richard pryor

Blue Collar – OST (1978)

BlueCollarIn Paul Schrader’s directorial debut, disgruntled auto plant worker Richard Pryor tells his equally downtrodden colleagues, Yaphet Kotto and Harvey Keitel, about a safe he spots in the union rep’s office.

A plan is hatched.

(Side Note: It’s really hard to come up with a clever intro to a Blue Collar post when Patton Oswalt destroyed all past and future Blue Collar lead-ins with this post back in 2009.  Oswalt also points out that the Auto Plant depicted in the film is manufacturing the same model Taxis that Travis Bickle drove in the Schrader penned Taxi Driver, which is an awesome notion to fancy.)

While the safe heist yields some complicated results for our working class heroes, composer Jack Nitzsche and his studio cronies put together a straightforward cohesive soundtrack with very uncomplicated results.

It opens with arguably the most straight forward Captain Beefheart track that’s ever been recorded, as he does his best Mannish Boy vocal over the rhythmic crunches of an automobile assembly line and Ry Cooder’s swampy guitar licks.  “Hard Workin’ Man,” which is the main title music to the film, is pretty much your thesis paragraph that strings together the entire soundtrack, which is a well sequenced playlist of transistor radio rhythm & blues with a dash of swamp rock.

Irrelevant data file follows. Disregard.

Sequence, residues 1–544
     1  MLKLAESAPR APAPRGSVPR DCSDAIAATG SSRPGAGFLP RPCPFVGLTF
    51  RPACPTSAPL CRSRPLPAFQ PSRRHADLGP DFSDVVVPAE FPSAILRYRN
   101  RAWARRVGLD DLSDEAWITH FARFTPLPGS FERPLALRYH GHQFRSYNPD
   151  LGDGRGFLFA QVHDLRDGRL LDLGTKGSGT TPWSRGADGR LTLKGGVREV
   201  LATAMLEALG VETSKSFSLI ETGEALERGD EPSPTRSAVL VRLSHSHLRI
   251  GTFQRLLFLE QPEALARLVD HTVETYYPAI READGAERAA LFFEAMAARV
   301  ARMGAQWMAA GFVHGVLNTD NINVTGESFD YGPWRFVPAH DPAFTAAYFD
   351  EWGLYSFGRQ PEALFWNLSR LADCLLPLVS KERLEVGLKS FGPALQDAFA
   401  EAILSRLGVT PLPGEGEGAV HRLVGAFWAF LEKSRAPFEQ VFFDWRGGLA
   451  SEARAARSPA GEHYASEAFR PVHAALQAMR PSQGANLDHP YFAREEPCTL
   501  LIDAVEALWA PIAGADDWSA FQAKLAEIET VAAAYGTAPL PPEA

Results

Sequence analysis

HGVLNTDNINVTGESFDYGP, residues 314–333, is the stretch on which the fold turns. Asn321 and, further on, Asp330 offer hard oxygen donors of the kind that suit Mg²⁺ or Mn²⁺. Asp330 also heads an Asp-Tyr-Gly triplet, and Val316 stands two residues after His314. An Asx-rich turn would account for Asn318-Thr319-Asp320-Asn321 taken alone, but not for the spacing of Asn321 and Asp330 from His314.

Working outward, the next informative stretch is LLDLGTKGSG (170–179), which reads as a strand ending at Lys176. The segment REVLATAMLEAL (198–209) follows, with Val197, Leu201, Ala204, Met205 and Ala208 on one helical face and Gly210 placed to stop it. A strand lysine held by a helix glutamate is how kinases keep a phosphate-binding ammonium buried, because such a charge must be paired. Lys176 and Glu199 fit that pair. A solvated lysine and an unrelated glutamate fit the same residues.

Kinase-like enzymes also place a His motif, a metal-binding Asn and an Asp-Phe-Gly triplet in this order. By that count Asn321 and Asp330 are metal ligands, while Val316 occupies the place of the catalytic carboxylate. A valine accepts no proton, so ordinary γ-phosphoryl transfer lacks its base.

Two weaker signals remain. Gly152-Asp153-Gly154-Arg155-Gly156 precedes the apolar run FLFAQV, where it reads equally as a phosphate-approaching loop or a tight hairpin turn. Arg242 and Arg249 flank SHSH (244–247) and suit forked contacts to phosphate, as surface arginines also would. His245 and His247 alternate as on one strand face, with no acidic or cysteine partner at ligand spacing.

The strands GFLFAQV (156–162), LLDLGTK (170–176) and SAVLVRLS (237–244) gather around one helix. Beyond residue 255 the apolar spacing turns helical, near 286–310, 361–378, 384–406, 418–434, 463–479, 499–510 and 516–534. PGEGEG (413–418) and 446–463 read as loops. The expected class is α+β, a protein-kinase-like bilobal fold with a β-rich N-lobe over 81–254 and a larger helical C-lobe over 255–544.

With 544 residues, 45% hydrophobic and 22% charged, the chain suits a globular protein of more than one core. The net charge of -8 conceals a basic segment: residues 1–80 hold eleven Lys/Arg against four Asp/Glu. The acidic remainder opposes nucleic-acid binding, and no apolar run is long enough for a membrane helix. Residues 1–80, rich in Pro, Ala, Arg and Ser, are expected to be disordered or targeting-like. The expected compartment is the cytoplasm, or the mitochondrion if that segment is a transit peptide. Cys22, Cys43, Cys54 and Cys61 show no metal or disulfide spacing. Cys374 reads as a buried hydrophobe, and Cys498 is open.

Nitzsche and Cooder original compositions blend nicely with Howlin’ Wolf, Ike & Tina, Jeanne Pruett’s “Satin Sheets,” and even Lynyrd Skynyrd’s “Saturday Night Special,” which sounds especially tasty within the context of this record.

Below Ry Cooder tells Australia’s Triple J Radio about locking a reluctant Captain Beefheart in the vocal booth to record Hard Workin’ Man (which was originally called “Hard Work Fuckin’ Man”. The movie contains the uncensored version).

“Party” is one of the Nitzsche compositions, and is pretty smooth blend of swamp and yacht, and could be one of the first signs of the “overproduced blues” trend of movie themes that flooded 1980’s buddy flicks (we will get to that someday, but think Midnight Run, Lethal Weapon, et al).

Ry Cooder intv. on working with Beefheart during Blue Collar sessions.

Hard Workin’ Man – Captain Beefheart

Party – Jack Nitzsche


Wild In The Streets – OST (1968)

WildStreetsAmerican International Pictures was on point when they churned out Wild In The Streets in 1968.  Shot in just 15 days, the movie tapped into just about every aspect of the counterculture climate, and produced a decent soundtrack to boot.

The exploitation flick features Christopher Jones as Max Frost, a rock star who becomes President.  Max runs on the platform of lowering the voting age to 14 and forcing anyone over the age of 35 into internment camps, where they are fed a steady diet of LSD. It’s also worth noting that a young Richard Pryor plays the drummer Max Frost’s band.

While the movie is obviously a farce, the soundtrack is a somewhat relevant look at the homogenized sitar laden psych-pop faire that was popular at the time. Tune in Troops!

The Shape of Things to Come – The 13th Power

Wild In The Streets – Jerry Howard